“At least ten people have symptoms.”
She took a deep breath before she asked, “What about the Barretts?”
Cullen appeared in the circle of light. “I woke John to let him know. He checked his family. None of them show any signs.”
“If we have ten sick, we’ll have more in a few hours. I need help making the solution.”
“Sarah’s on her way,” Cullen said.
Henry removed his hat and finger-combed his thinning hair. “What do you want us to do?”
“For now, tell folks we’re making medicine. And ask them to please wash their hands.”
THE HEALTHY FOLKS didn’t get much rest over the next three days. They set up hand-washing stations around camp and dug latrines in an effort to contain the disease. Kit didn’t sleep, didn’t eat. Eight people died, four of them children. Each death took a chunk of her soul. A large chunk.
John confined Elizabeth and Frances to their wagon, and Kit tied Tabor and Tate up with them. After two days, all four were gnawing on their restraints, but Kit refused to let them out. She stopped by the wagon to check on them. “Do you need anything?” she asked.
“Frances isn’t back,” Elizabeth said. Her face clouded with worried. “She went to the bushes.”
“I’ll check on her.” Kit stomped over to the bushes not twenty feet from the wagon. Frances wasn’t there. Kit moved quickly around camp asking folks if they’d seen the child. Everyone assumed she was in the wagon.
Barely able to stand from exhaustion, Kit circled camp, looking under and around the wagons. Every muscle in her body ached from the constant bending and lifting.
Circling back around, she spotted the eight freshly dug graves. A pile of calico rags littered the graves. “That’s odd.” She walked closer, then her step grew still.
“Dear God, no.”
She fell to her knees beside the pile of rags. But, it wasn’t a pile of rags at all. It was Frances.
Muddy tears formed tracks down the child’s puckered, silver-blue tinted face. The skin on her pudgy hands had shriveled. Her cold wrinkled fingers resembled those of an old washerwoman, and her eyes sunk deep into her sockets.
Kit didn’t know she had a heart left to break, but she heard the crunch, the splinter, the blast. She hugged Frances to her breast. “We’re going home. I won’t let you die, but you’ve got to hold on.” Had it only been a few months since she’d made the same plea of Scott? But she had failed him. She wouldn’t fail Frances too.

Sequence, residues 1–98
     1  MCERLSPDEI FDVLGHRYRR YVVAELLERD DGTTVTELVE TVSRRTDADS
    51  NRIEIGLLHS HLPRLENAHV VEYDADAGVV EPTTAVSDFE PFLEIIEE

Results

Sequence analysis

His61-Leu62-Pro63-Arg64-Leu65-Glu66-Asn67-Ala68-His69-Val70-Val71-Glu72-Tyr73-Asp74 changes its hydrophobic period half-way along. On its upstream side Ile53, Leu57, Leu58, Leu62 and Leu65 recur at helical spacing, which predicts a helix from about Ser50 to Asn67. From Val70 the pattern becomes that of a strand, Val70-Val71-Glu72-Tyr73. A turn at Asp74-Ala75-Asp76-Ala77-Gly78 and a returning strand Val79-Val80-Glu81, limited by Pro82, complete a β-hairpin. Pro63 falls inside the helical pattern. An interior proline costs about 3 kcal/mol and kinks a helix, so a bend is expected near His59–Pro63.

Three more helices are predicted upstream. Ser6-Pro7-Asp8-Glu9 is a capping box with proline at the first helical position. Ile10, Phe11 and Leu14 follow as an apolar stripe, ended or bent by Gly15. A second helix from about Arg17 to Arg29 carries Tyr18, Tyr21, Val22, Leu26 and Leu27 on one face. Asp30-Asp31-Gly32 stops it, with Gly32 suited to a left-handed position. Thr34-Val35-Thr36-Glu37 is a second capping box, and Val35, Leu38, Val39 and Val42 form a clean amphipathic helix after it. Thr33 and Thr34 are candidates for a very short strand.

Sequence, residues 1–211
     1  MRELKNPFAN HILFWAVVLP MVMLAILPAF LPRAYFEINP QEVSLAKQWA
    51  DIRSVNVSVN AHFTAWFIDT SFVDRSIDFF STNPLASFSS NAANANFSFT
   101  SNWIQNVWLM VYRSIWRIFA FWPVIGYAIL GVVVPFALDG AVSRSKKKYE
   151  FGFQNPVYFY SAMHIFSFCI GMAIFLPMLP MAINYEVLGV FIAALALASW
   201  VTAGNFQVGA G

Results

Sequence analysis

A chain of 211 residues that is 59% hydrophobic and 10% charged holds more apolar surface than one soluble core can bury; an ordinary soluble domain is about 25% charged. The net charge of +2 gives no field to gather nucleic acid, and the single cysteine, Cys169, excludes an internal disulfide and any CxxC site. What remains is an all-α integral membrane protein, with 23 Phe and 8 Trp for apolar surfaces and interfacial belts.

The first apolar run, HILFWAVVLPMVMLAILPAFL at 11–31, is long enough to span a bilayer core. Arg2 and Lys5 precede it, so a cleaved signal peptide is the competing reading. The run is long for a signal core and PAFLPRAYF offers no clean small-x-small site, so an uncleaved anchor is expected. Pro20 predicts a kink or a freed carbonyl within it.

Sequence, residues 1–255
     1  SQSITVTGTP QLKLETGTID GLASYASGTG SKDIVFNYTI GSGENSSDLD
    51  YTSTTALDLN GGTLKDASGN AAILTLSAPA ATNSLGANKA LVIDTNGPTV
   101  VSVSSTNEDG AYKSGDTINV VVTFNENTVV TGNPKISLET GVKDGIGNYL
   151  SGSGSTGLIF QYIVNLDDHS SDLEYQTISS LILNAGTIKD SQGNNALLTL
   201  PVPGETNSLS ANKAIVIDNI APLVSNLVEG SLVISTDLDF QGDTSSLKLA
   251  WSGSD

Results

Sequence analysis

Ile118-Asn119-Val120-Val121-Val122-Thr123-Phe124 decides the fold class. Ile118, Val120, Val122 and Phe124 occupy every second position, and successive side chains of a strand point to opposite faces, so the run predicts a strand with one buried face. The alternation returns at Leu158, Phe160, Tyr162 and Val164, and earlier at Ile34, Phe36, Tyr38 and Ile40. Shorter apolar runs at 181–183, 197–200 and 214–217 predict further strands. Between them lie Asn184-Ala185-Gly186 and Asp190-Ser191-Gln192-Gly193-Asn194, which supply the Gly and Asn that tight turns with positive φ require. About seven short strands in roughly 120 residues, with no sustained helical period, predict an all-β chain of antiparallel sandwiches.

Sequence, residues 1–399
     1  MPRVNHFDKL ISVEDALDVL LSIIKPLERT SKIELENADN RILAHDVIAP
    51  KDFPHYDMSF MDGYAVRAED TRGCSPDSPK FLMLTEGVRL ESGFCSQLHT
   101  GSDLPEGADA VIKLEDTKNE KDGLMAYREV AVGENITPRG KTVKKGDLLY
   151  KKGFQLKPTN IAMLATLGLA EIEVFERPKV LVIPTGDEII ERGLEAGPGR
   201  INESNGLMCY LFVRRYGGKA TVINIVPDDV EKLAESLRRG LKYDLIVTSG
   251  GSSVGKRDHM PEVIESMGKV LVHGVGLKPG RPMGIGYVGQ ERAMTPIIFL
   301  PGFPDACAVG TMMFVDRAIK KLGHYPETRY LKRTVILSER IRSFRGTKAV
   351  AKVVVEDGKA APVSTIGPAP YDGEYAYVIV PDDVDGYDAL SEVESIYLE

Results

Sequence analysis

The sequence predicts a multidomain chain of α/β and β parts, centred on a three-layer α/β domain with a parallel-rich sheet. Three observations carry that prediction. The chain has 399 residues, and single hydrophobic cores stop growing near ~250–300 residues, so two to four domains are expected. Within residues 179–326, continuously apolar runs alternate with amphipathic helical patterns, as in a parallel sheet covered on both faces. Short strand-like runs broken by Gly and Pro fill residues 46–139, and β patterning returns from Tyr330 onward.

She punched her fist skyward. “You can’t take her. I won’t let you.”
Then she bundled Frances in her arms and ran back toward camp. Home. She was going home.
“Kit.” She barely heard Cullen for the blood pounding in her ears. She brushed past him, but he grabbed her arm and whipped her around to face him. “Frances?”
“I’m taking her home.” She yanked from his grasp.
He locked her arm in a tighter grip. “She needs the special water.”
“Look at her,” Kit hissed. “The solution won’t help.”
“You’re not taking her anywhere except to your wagon.” His eyes turned icy. “You’re the only one who can save her. You saved me. You can save Frances.”
“Let me go!” She tried to jerk her arm free again, but his fingers were five fiery vices searing her with heat. “Her heart can’t supply enough blood to her body. I can’t save her. Going to the hospital is her only chance.”
“If you can’t save her, she’ll die.” He spoke in the slow, emphatic tone of a man who understood consequences. “Is that what you want?”
“The doctors can save her. I can’t.”
He pressed his hands against the sides of her face. “Pull yourself together. Now.” He took Frances from her arms and dragged Kit to her wagon. He lifted her up onto the tailgate and jumped up beside her. After laying the child on the bed, he blocked Kit’s retreat with the force of his will and the strength of his body.
“Get your red bag and put medicine into her arm,” he said with barely controlled fury. “You think I don’t know what you did to me? You think I didn’t see the bag and the needles? You think I didn’t hear the pops and snaps of whatever you did? I don’t know who you are or where you came from. You could be a witch for all I know. But you have the power to save this child, and that’s what you’re going to do.”
“You don’t know what you’re asking.”
“I’m not asking anything. I’m demanding. After you save her life, you can get on your damn horse and ride the hell out of here.” He grabbed her arms and shook her. “Do you hear me?”
Tired but not deaf, she pushed him aside, her heart hammering. “Move. I need room to work. You need to wait outside.”
“I’m not leaving.” His face shut, hiding his anger below the surface.
Frances’s pulse beat dangerously low. Kit considered the consequences of treating the child with twenty-first century medicine. The treatment would force Kit to reveal where she came from and ultimately send her home, but Frances was more important than what Kit hoped to accomplish during her trip to the past. She was in the nineteenth century because the child had pulled her there, maybe for this moment, maybe to save her life.
Kit had accessed the medical database stored on her iPhone several times in the past few days. The battery was running low. She turned it on and checked doses. When she set it aside, she noticed Cullen pick it up, but she didn’t have time to deal with him.